In vivo, the effect of OST on renal interstitial fibrosis was investigated in mice challenged with UUO, an animal model featured by chronic renal injury and fibrosis in the tubulointerstitial compartment of the kidney. Our data revealed that OST (40 and 80 mg/kg/day) ameliorated fibrotic lesions with less collagen deposited in the renal interstitium and lower presence of α-SMA+ myofibroblasts. As in cultured cells, in obstructed kidneys from UUO mice, myofibroblast proliferation, measured by co-staining for Ki-67 and α-SMA, was inhibited after OST treatment. Together, the findings in vitro and in vivo showed that regulating activation and proliferation of renal fibroblasts may be an important therapeutic role for OST treatment in progressive renal fibrosis.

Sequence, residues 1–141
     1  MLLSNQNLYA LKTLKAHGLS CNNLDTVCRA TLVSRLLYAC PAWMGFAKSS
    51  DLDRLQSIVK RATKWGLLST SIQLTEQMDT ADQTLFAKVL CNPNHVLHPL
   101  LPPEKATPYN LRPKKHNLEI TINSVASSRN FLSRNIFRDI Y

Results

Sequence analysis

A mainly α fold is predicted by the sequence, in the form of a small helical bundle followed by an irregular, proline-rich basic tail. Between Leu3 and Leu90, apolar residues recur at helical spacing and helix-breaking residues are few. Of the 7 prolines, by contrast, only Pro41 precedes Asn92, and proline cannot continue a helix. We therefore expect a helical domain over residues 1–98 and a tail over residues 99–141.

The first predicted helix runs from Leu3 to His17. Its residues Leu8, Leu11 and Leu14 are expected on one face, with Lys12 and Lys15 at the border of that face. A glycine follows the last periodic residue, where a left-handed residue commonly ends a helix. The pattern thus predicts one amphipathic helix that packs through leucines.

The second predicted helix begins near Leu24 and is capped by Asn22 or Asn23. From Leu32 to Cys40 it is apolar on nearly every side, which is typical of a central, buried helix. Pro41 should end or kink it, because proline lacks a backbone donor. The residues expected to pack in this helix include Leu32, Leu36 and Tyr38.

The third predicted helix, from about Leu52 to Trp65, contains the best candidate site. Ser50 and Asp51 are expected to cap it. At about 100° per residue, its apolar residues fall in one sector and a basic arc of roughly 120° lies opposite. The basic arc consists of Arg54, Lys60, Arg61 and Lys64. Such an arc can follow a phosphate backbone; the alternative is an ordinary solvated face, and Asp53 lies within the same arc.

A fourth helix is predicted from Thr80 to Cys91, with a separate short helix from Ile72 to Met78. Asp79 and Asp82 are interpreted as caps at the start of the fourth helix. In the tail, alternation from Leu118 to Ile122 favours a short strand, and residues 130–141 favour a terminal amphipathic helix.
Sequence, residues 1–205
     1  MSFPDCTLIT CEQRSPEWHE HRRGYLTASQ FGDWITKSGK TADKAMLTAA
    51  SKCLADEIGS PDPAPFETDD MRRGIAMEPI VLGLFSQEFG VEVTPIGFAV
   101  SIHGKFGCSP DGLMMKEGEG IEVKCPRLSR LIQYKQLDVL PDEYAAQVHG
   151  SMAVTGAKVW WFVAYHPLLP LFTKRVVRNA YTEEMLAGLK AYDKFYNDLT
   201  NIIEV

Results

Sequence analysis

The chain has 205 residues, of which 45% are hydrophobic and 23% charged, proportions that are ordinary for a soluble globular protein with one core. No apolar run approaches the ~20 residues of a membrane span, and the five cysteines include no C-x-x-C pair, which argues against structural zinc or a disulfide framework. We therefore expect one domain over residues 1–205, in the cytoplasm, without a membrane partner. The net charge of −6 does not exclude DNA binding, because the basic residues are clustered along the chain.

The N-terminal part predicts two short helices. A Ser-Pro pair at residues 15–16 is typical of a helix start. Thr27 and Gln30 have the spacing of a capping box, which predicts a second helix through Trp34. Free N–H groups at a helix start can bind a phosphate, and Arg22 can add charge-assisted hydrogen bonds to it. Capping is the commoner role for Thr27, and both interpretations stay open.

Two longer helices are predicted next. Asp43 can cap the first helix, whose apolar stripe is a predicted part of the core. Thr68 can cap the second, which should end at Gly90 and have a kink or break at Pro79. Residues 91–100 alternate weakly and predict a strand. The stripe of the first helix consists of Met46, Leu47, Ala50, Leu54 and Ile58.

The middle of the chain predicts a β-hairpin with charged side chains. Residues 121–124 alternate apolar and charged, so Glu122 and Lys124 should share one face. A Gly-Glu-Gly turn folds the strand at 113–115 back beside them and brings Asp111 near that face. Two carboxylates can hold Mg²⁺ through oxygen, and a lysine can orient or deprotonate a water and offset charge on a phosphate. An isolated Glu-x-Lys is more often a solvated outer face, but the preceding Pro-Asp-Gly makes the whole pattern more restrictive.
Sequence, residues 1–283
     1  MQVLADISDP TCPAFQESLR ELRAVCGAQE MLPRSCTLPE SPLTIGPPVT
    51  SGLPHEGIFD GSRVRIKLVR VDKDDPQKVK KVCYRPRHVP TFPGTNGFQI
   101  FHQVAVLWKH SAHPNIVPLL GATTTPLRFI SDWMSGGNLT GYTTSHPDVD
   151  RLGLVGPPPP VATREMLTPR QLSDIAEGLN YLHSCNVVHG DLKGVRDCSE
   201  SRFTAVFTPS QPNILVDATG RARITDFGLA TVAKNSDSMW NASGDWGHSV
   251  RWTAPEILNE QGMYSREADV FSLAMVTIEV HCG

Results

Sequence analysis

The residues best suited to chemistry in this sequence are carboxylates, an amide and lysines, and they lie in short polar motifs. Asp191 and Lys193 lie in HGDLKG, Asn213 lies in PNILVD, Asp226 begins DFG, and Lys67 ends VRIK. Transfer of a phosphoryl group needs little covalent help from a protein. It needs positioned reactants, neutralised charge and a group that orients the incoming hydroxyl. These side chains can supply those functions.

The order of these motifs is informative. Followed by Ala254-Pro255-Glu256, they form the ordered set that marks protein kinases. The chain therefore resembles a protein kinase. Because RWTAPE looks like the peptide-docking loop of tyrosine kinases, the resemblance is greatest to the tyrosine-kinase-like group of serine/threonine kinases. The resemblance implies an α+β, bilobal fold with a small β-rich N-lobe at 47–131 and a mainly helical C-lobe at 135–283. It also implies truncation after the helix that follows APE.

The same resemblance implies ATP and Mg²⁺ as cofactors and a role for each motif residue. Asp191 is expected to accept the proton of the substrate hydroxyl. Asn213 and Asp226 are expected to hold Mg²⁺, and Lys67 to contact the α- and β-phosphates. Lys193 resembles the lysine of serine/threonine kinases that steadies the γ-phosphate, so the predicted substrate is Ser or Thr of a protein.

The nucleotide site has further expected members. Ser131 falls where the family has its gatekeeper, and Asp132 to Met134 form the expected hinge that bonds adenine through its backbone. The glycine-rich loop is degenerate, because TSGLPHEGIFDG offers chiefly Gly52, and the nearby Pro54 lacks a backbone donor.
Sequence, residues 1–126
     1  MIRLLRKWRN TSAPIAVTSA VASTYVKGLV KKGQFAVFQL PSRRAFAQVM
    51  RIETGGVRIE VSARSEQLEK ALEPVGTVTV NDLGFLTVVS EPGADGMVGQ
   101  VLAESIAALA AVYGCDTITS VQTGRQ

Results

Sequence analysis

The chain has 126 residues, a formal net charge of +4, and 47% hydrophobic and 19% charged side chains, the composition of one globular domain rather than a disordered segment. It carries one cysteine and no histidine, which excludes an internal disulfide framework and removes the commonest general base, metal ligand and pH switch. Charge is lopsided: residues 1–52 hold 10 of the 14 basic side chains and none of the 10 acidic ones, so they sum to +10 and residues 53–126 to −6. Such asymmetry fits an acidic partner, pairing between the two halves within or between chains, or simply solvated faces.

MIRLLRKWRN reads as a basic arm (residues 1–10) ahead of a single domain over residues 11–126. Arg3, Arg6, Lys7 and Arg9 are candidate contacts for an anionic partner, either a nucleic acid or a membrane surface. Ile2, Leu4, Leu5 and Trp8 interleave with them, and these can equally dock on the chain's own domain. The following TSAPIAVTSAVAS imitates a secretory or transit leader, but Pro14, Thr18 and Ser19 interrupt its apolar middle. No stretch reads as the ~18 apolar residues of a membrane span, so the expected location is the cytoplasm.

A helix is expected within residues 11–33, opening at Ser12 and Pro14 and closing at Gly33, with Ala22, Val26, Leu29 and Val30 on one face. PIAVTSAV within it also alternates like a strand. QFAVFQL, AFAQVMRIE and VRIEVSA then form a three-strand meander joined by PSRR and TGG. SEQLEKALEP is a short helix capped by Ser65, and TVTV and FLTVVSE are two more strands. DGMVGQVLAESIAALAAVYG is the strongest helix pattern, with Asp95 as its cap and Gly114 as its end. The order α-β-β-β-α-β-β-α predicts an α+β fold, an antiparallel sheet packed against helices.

Smad signaling, also known as the canonical TGF-β pathway, is critically involved in renal fibrosis by inducing activation of myofibroblasts, transformation of tubular epithelial cells to myofibroblasts and tubular apoptosis (Sato et al., 2003; Zhang et al., 2015; Guo et al., 2018). In this pathway, TGFβ1 mainly transduces its fibrotic signal through activation of TGFβreceptor 1 (TGFβR1) followed by phosphorylation and nuclear translocation of Smad3, thus driving the progress of renal fibrosis. During fibrogenesis, Smad3 was generally overactivated, while Smad7, an inhibitory Smad has been shown to be degraded (Fukasawa et al., 2004). In the present study, our experiments reproduced this phenomenon in TGF-β1-stimulated NRK-49F cells as wells as UUO injury-induced kidneys and OST treatment reversed them. The in vitro modulatory effect of OST on TGFβ/Smad signaling was in line with previous study that OST increased Smad7 expression and decrease Smad3 expression in TGF-β1-treated cardiac fibroblasts (Liu et al., 2017), and may explain the decreased phenotypic transformation in TGF-β1-stimulated NRK49F when pre-incubation with OST. However, it should be noted that the non-Smad signaling, such as MAPK, AKT, and Wnt pathway, could also be the mechanism for OST in inhibiting kidney fibroblast activation. In addition, strategy targeting rebalancing TGF-β/Smad3/Smad7 signaling in vivo has been demonstrated to be effective for reducing renal fibrosis in obstructive nephropathy (Chung et al., 2013; Zhou et al., 2016). Thus, our data provide evidence that OST may act as a regulator of TGF-β/Smad signaling, thereby attenuates interstitial fibrosis in UUO kidney.